1. Out-of-class activity Divide into groups of three or four and create a new carnival game. Determine...


1. Out-of-class activity Divide into groups of three or four and create a new carnival game. Determine the probability of winning. Determine how much money the operator of the game can expect to gain each time the game is played.
2. In-class activity Divide into groups of three or four and use coin flipping to develop a simulation that emulates the kingdom that abides by this decree: After a mother gives birth to a son, she will not have any other children. If this decree is followed, does the proportion of girls increase?
3. In-class activity Divide into groups of three or four and use actual thumbtacks or Hershey’s Kisses candies or paper cups to estimate the probability that when dropped, they will land with the point (or open side) up. How many trials are necessary to get a result that appears to be reasonably accurate when rounded to the first decimal place?
4. Out-of-class activity Marine biologists often use the capture-recapture method as a way to estimate the size of a population, such as the number of fish in a lake. This method involves capturing a sample from the population, tagging each member in the sample, then returning it to the population. A second sample is later captured, and the tagged members are counted along with the total size of this second sample. The results can be used to estimate the size of the population. Instead of capturing real fish, simulate the procedure using some uniform collection of items such as colored beads, M&Ms, or index cards. Start with a large collection of at least 200 of such items. Collect a sample of 50 and use a marker to “tag” each one. Replace the tagged items, mix the whole population, then select a second sample and proceed to estimate the population size. Compare the result to the actual population size obtained by counting all of the items.
5. Out-of-class activity Divide into groups of three or four. First, use subjective estimates for the probability of randomly selecting a car and getting each of these car colors: black, white, blue, red, silver, other. Then design a sampling plan for obtaining car colors through observation. Execute the sampling plan and obtain revised probabilities based on the observed results. Write a brief report of the results.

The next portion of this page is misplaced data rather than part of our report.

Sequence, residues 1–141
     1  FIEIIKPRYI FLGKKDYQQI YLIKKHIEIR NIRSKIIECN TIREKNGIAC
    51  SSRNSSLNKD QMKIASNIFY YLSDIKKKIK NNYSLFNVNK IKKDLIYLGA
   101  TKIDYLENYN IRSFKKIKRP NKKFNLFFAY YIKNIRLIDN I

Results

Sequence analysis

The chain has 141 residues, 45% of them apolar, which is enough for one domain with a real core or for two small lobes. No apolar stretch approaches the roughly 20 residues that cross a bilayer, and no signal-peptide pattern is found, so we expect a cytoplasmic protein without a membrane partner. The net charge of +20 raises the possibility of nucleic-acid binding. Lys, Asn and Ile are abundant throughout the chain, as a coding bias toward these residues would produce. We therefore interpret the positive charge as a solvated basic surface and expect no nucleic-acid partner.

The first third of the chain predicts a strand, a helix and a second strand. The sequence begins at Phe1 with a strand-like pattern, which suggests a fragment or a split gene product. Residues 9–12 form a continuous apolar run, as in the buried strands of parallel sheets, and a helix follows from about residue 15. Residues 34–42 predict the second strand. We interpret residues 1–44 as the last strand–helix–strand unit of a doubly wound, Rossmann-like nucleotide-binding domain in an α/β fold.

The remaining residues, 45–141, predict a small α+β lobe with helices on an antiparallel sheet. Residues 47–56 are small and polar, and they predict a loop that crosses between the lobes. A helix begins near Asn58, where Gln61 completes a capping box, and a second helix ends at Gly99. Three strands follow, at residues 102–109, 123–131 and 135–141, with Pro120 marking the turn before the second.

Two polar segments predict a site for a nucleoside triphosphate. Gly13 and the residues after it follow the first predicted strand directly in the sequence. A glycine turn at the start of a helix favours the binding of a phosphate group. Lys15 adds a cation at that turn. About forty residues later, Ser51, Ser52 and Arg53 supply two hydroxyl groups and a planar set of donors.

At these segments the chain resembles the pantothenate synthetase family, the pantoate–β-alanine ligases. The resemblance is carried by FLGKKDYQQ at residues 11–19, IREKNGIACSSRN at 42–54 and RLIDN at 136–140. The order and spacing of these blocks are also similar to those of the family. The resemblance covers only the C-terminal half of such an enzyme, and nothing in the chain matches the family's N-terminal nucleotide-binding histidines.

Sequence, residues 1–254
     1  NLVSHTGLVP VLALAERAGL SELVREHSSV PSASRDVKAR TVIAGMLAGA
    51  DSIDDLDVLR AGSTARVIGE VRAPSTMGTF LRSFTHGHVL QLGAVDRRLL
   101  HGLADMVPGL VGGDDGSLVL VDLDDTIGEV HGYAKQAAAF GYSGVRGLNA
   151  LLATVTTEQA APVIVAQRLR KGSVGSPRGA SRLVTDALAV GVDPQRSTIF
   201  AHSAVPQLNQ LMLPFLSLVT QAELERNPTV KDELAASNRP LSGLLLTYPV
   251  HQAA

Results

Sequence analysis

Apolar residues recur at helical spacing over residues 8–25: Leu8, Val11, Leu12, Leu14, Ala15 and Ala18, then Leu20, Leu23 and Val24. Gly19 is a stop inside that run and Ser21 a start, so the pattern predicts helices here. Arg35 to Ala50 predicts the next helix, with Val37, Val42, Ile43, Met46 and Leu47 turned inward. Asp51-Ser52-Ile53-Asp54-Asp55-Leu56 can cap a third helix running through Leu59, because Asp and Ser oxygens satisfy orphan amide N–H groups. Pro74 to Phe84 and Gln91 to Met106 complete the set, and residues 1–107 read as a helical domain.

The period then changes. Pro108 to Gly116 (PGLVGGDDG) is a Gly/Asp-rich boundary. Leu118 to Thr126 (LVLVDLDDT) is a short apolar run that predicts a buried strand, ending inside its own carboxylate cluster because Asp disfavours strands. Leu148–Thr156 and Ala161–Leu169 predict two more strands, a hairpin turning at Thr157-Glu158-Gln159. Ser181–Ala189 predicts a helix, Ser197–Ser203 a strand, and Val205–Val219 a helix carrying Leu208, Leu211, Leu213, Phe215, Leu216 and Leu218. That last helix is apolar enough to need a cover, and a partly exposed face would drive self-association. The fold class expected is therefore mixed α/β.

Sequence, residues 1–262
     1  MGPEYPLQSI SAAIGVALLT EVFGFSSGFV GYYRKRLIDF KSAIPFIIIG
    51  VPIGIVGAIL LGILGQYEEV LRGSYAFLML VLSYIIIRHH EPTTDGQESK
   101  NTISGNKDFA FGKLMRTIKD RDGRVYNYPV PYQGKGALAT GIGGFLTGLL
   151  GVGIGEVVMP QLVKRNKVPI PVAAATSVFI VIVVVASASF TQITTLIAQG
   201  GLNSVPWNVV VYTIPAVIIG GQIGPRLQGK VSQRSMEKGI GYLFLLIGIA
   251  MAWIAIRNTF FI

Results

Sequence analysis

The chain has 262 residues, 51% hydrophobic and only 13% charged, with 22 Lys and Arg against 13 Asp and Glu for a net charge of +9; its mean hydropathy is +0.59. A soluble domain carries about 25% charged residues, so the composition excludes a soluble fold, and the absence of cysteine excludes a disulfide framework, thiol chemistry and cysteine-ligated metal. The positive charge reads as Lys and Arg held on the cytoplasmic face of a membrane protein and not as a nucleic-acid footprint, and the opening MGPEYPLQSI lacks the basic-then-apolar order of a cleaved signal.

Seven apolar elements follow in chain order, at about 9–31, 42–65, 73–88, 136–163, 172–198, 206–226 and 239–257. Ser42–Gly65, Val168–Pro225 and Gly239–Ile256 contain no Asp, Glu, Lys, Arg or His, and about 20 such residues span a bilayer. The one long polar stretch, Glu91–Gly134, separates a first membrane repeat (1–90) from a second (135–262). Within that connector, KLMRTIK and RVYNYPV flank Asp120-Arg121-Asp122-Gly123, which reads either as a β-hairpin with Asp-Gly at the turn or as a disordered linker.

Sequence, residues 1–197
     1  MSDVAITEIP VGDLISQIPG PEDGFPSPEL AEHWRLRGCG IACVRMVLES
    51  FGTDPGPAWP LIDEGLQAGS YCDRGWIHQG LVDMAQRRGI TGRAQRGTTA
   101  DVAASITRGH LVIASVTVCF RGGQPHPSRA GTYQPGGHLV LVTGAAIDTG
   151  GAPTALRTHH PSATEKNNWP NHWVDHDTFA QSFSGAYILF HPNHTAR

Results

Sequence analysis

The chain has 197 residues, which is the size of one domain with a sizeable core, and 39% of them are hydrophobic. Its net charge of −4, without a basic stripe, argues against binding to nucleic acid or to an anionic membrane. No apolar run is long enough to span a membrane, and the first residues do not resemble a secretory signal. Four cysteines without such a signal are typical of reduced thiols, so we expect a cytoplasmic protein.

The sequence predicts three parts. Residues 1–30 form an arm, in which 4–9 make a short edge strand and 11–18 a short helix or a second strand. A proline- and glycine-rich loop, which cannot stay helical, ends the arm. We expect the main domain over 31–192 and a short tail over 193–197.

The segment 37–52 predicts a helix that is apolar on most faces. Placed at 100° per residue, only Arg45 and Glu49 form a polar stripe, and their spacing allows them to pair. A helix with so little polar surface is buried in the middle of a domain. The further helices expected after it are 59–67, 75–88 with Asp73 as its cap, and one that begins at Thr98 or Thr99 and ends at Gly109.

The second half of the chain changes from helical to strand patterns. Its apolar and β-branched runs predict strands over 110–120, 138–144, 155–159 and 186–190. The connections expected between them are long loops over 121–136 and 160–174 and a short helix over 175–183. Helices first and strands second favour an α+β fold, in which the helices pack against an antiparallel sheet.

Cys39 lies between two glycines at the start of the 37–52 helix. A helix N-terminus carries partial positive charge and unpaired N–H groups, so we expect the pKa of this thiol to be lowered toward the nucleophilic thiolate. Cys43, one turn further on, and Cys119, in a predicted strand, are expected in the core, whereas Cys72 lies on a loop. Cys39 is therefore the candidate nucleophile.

6. In-class activity The manufacturing process for a new computer integrated circuit has a yield of 1/6, meaning that 1/6 of the circuits are good and the other 5>6 are defective. Use a die to simulate this manufacturing process, and consider an outcome of 1 to be a good integrated circuit, while outcomes of 2, 3, 4, 5, or 6 represent defective integrated circuits. Find the mean number of circuits that must be manufactured to get one that is good.
7. In-class activity The Monty Hall problem is based on the old television game show Let’s Make a Deal, hosted by Monty Hall. Suppose you are a contestant who has selected one of three doors after being told that two of them conceal nothing, but that a new red Corvette is behind one of the three. Next, the host opens one of the doors you didn’t select and shows that there is nothing behind it. He then offers you the choice of sticking with your first selection or switching to the other unopened door. Should you stick with your first choice or should you switch? Divide into groups of two and simulate this game to determine whether you should stick or switch. (According to Chance magazine, business schools at institutions such as Harvard and Stanford used this problem to help students deal with decision making.)
8. Out-of-class activity In Cumulative Review Exercise 4, it was noted that eye colors in the United States are distributed as follows: 40% brown, 35% blue, 12% green, 7% gray, 6% hazel. That distribution can form the basis for probabilities. Conduct a survey by asking fellow students to identify the color of their eyes. Does the probability of 0.4 for brown eyes appear to be consistent with your results? Why would a large sample be required to confirm that P(hazel eyes) = 0.06?

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